European space policy and space regulation will be another key area of interest for NMCAs in 2020, specifically pan-European data projects for satellite sensors to support lower resolution environmental applications. As resolution improves, we will see better spectral range, faster processing and more up-to-date information, although the market for this may be limited. There is also the major development of a new €16 billion space programme for 2021-2027 with the GSA developing into the European Agency for the Space Programme (EUSPA) with an expanded mandate to manage the market uptake and communications of the Copernicus Earth observation programme, and exploit synergies between Galileo and Copernicus.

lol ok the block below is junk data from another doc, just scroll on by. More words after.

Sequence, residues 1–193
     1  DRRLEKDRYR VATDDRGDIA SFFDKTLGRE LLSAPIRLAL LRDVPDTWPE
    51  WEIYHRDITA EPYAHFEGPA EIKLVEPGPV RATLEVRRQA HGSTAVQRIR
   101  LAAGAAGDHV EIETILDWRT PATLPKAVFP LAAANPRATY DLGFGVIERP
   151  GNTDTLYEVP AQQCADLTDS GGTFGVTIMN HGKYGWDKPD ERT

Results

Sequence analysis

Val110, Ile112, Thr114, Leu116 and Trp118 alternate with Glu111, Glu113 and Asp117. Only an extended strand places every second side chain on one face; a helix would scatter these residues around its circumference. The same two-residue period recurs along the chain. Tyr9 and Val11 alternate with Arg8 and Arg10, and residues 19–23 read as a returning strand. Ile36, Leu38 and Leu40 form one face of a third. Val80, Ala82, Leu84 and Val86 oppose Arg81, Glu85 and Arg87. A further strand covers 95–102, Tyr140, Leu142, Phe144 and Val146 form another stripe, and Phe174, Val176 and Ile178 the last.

Photogrammetry will remain a key data acquisition science and technology for NMCAs; its high resolution capability, and in particular the level of detail needed for cadastral surveys, is not currently matched by other technologies. With technological developments such as drones and other sensor and earth observation platforms, this is changing, but at this point in time, for example, a high-resolution Pan-European Digital Terrain Model (DTM) cannot be fully satisfied with satellite imagery alone since in forestry areas the imagery is not accurate for DTM purposes.